Magnacom claims wired/wireless modulation breakthrough
SAN JOSE, Calif. — Magnacom emerges from stealth mode today, claiming it has a new twist on digital modulation technology that provides big gains for any wired or wireless network. The company will license its technology on which it already has 14 US patents, all granted in less than a year.
The startup will demonstrate in a private suite at the Consumer Electronics Show an FPGA board using its technology to deliver a 10dB signaling advantage compared to QAM4096, the most powerful version of the quadrature amplitude modulation scheme widely used in communications today.
The improvement could be used to cut power or spectrum requirements in half or to send data up to four times further than with the existing QAM approach, the startup claims. It requires changes in hardware that use less than a square millimeter of silicon in a 28nm process, it said.
The company's so-called wave modulation technology "is practical and it's fairly surprising to people who have been in the field that you can get these kinds of gains," said Jason Trachewsky, a communications expert and serial entrepreneur compensated by Magnacom to review the technology.
"Some of the concepts are familiar -- no one invents anything from thin air -- but it is a pretty novel approach, focused on a computationally effective way to get capacity gains on non-linear channels," he said.
The technology was developed by Amir Eliaz, the startup's CTO, who was vice president of R&D for Provigent, a wireless backhaul startup acquired by Broadcom. At a conference in Israel, a mutual friend introduced Eliaz to Yossi Cohen, an engineer who rose to executive positions at National, Broadcom, and Motorola Mobility.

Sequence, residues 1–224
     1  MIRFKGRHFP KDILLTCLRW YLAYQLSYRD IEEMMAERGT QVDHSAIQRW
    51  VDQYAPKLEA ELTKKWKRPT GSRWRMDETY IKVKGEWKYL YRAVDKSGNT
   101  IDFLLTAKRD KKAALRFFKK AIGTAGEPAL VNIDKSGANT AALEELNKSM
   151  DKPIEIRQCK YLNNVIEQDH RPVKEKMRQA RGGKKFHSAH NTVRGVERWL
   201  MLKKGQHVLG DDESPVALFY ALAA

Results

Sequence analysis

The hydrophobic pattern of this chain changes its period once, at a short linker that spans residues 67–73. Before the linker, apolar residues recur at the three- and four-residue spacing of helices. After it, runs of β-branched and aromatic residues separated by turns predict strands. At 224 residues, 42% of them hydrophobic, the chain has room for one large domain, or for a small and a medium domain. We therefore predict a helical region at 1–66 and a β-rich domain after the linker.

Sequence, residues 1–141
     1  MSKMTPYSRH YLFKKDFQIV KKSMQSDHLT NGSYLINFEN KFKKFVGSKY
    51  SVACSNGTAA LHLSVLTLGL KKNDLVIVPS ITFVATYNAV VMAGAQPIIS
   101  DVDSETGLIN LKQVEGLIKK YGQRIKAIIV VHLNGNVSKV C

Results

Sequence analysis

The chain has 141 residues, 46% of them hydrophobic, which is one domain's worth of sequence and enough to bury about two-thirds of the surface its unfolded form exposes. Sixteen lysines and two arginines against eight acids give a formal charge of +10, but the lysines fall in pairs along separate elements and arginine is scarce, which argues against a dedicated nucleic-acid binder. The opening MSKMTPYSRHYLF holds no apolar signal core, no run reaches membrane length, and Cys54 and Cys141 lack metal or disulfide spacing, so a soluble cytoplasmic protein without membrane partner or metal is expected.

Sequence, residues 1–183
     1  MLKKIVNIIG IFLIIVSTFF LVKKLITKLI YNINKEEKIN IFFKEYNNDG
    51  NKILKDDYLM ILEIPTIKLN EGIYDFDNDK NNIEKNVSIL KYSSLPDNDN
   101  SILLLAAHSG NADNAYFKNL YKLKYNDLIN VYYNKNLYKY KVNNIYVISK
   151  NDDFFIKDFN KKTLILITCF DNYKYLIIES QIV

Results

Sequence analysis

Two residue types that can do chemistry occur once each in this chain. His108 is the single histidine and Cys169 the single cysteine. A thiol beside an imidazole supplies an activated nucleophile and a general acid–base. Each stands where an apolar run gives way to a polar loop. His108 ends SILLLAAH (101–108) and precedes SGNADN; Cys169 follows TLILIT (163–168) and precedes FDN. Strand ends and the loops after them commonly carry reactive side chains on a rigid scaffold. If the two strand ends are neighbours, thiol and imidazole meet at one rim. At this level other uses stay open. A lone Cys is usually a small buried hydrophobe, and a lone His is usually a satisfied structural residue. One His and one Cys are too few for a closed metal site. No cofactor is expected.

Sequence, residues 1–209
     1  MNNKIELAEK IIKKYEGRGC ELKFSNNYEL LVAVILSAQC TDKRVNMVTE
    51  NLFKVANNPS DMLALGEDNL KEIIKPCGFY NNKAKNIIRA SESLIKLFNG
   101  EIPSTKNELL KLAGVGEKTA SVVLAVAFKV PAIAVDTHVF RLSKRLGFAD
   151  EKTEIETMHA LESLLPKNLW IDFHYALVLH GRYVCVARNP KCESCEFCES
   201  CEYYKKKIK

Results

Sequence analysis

Cohen was seeking new opportunities after Google acquired Motorola Mobility and installed new management. Eliaz wanted to share his work on modulation.
"I intended to meet with him for an hour -- there was a fireside chat with Israeli President Shimon Peres coming up at the conference -- but I ended up staying four hours," said Cohen who became co-founder and chief executive of Magnacom. "My friends tease me that I gave up a meeting with the president of Israel," Cohen said.
"I was skeptical initially due to the claims [Eliaz] made -- he came across as a scientist," said Cohen who admitted he had "a tough time assessing" the technology.
To read more, go to “Patents on the fast track.”